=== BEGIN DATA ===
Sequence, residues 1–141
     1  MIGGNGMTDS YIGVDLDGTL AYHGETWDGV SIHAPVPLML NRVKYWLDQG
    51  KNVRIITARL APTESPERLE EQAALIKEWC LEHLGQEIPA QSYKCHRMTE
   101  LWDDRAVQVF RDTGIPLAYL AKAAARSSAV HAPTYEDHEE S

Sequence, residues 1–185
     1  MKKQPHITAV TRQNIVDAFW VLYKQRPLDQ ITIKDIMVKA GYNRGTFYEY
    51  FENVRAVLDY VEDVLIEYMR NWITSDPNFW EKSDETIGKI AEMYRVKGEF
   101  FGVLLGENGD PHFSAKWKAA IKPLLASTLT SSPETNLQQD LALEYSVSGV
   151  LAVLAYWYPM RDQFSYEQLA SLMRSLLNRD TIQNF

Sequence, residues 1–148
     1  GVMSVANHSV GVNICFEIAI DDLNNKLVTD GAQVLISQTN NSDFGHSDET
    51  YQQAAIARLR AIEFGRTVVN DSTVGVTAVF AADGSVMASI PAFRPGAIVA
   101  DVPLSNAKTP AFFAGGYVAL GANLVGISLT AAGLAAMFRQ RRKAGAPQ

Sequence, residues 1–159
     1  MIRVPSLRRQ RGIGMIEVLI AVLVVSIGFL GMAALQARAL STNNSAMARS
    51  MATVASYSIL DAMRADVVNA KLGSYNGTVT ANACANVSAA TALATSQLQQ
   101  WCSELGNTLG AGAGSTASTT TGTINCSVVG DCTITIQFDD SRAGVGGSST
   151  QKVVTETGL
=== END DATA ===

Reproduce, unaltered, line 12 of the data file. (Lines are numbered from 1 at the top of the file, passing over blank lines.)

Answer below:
    51  YQQAAIARLR AIEFGRTVVN DSTVGVTAVF AADGSVMASI PAFRPGAIVA